CONSULT September 2018

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Headache specialists offer tips for surviving, avoiding neurological discomfort

Published on Monday, September 10, 2018

By: Alana Bowman

It’s not just a headache. It isolates and incapacitates.

Those who suffer from migraines say they often feel as if the only people who understand the level of pain and life disruption they endure are fellow migraine sufferers.

A Nielson survey funded by Eli Lilly and Company found they are correct: Non-migraine sufferers who were surveyed underestimated the severity of pain caused by migraine headaches and underestimated the duration of a typical migraine.

According to the National Headache Foundation, nearly 40 million people in the U.S. have migraine or headache neurological disorders. Whether you experience migraines or know someone who does, September, which is Pain Awareness Month, is a good time to learn more about the differences between migraines and other types of headaches.

Illustration shows the types of headaches and the areas affected by each.
Illustration shows the types of headaches and the areas affected by each.

Headache specialists from the University of Mississippi Medical Center have a few tips for surviving – or maybe even avoiding – the next big one.

The World Health Organization divides headache disorders into three primary categories: migraine, tension and cluster headaches.


“Migraines usually start out on one side of the head,” said Liz Williams, family and psychiatric nurse practitioner in the Department of Neurology at UMMC who treats headache patients at both University Physicians Grants Ferry and the Jackson Medical Mall Thad Cochran Center. “Patients usually describe tension headaches as a band squeezing across the top of their forehead.”

Williams said common migraine symptoms also include:

  • Nausea and sometimes vomiting,
  • Visual changes, such as blurry vision, flashes of light or seeing spots before or during the headache,
  • Sensitivity to light and sound,
  • Inability to go about one’s regular activities and
  • Changes in taste and smell.

"The migraine tends to be a pulsating, throbbing headache,” said Dr. Anand Prem, assistant professor of anesthesiology at UMMC. He sees patients at the Jackson Medical Mall Thad Cochran Center as a part of UMMC’s Pain Management Center.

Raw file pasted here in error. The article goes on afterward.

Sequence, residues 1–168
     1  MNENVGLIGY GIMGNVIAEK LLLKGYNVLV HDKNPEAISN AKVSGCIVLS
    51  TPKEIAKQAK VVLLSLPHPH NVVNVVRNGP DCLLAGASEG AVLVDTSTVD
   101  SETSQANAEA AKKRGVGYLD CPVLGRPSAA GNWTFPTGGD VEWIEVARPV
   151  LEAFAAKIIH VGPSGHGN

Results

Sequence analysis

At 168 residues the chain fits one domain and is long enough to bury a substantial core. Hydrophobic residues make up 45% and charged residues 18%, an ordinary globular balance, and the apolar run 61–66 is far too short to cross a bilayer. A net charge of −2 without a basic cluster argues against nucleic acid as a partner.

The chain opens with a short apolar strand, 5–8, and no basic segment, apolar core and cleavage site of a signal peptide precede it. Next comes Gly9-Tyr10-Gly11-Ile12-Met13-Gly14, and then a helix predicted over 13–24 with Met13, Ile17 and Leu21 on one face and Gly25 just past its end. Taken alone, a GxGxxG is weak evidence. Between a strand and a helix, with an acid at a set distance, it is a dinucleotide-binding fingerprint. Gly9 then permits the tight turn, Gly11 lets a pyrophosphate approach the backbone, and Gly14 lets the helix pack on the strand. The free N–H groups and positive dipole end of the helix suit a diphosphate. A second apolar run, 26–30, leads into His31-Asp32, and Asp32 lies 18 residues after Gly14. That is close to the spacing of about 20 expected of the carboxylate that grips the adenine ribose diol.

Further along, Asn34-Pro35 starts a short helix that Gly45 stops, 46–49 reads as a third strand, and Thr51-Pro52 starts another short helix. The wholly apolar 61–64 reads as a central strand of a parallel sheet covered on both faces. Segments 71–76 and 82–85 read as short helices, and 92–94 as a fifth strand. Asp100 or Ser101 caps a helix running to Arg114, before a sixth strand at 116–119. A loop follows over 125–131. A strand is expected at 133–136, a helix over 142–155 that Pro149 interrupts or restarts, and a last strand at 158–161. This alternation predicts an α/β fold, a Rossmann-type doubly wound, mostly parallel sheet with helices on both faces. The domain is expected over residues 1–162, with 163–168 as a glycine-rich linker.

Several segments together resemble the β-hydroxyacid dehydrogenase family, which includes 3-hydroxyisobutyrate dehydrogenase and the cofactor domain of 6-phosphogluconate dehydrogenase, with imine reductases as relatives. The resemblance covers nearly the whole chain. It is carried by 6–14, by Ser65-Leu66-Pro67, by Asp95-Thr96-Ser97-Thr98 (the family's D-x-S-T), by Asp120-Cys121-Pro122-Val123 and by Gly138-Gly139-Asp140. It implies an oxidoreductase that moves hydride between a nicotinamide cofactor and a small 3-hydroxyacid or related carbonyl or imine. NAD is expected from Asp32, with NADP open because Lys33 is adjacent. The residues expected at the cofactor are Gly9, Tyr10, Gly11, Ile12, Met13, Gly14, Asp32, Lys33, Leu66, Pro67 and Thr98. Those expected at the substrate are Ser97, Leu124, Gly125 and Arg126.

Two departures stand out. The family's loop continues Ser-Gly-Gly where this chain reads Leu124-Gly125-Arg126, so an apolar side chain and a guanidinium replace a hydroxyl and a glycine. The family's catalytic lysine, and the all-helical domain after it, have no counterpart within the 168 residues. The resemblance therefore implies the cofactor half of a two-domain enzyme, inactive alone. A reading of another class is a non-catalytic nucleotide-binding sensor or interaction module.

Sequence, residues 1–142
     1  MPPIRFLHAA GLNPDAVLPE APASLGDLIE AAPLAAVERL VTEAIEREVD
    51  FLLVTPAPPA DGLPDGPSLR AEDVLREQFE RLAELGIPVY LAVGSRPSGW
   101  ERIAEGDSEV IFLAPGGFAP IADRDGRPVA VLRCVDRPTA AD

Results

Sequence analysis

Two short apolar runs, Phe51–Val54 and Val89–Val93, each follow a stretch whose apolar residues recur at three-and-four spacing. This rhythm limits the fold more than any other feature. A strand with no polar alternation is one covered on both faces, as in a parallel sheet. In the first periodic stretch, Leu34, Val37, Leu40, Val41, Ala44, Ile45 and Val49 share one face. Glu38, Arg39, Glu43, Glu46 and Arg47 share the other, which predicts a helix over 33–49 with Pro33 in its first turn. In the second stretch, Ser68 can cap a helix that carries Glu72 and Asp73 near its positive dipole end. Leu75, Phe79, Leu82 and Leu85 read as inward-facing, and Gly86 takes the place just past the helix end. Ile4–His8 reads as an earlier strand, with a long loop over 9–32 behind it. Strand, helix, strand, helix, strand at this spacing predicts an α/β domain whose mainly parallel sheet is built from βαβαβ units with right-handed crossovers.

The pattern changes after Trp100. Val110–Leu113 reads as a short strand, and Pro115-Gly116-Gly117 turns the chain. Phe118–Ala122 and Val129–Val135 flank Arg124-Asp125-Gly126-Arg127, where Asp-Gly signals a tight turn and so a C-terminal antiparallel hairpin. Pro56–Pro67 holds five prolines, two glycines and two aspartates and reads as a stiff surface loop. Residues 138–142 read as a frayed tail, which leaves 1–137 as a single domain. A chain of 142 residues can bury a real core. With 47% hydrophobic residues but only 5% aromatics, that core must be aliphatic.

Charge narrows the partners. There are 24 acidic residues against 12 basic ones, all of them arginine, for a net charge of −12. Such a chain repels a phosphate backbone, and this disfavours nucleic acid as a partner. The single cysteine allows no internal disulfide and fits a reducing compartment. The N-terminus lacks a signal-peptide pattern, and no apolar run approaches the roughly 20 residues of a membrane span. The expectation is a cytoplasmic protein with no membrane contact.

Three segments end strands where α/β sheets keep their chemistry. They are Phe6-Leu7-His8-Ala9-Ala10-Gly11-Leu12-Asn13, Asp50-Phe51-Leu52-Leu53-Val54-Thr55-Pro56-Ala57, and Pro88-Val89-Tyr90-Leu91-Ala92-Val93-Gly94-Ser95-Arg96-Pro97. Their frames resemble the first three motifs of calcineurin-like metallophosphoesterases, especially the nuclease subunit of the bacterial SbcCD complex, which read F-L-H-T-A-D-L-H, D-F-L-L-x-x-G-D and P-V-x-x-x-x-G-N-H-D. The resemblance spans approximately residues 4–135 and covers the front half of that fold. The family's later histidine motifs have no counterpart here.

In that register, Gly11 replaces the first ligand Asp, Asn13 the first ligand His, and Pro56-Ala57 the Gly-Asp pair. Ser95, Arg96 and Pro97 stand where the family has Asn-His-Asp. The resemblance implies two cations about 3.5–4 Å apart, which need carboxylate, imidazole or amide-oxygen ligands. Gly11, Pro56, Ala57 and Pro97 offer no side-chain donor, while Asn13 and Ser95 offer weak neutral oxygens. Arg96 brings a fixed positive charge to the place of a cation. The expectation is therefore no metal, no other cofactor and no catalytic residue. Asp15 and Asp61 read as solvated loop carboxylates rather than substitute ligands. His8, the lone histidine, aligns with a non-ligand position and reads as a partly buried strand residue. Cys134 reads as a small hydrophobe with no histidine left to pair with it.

Some people may experience an ‘aura’ before onset of the headache where they may see flashes of light or squiggly lines, while others can have hearing or smell abnormalities,” Prem said. “Some people can temporarily lose sensation or have tingling or numbness, especially around the jaw and face.”

Williams and Prem said most of their patients want to retreat to a dark quiet room until the headache subsides. They also agree that one of the best ways to deal with migraines is to learn your personal triggers.

Common triggers can include:

  • Lack of or too much sleep,
  • Skipping meals,
  • Certain foods (especially those containing MSG and tyramine),
  • Too much caffeine or not enough caffeine,
  • Stress
  • Change in hormones (women are more likely to experience migraines at the beginning of their menstrual cycle when estrogen levels drop),
  • Weather changes (drops in barometric pressure) and
  • Alcohol consumption.

“It helps to identify the triggers that may be a product of the environment so that you can try to avoid them,” Prem said.

Williams suggests a couple of phone apps to help patients identify their personal triggers: Migraine Buddy for Android and iHeadache for iPhone users.

“Everyone uses their phone now instead of journaling,” she said. “The apps are an easy way for patients to input their migraine information once they are feeling better.

“When they come back to the clinic, the patient will pull up the information in the app, and I can see how many migraines they had the previous month or week and the severity of the headaches.”

Williams and Prem emphasize the importance of knowing the warning signs and starting treatment early. They said not to wait until the headache is a full-blown migraine with all the worst symptoms.“If you feel that you are getting a migraine, be proactive and start the treatment early,” Williams said. “If you wait, sometimes the headache can get really bad and last longer.”


Prem warns that taking too much medication can cause what is commonly known as a rebound headache.

“You can begin to take the medication because you have a headache and then have a headache because you took the medication,” he said. “You are chasing your tail.”

He suggests if a patient is taking pain medication more than two times a week, he or she would benefit from taking a preventative medication rather than treating the pain after it starts.

Although much research is still being done to understand how to treat migraines, there are some common methods to help chronic migraine sufferers get relief. Newer treatments include addressing chemical changes in the brain and blocking nerves near where the pain occurs.

Because every patient is different, pinpointing the best course of treatment may take time and effort.

“Because there is no lab test to identify migraines, a health care provider has to really learn the patient,” Williams said. “I think the important thing is getting to know the patient.”

UMMC offers multiple clinics and health care providers to help people suffering from frequent headaches. Physician referrals are not necessary. Call 1-888-815-2005 and ask for an appointment with the Neurology Clinic or the Pain Management Center.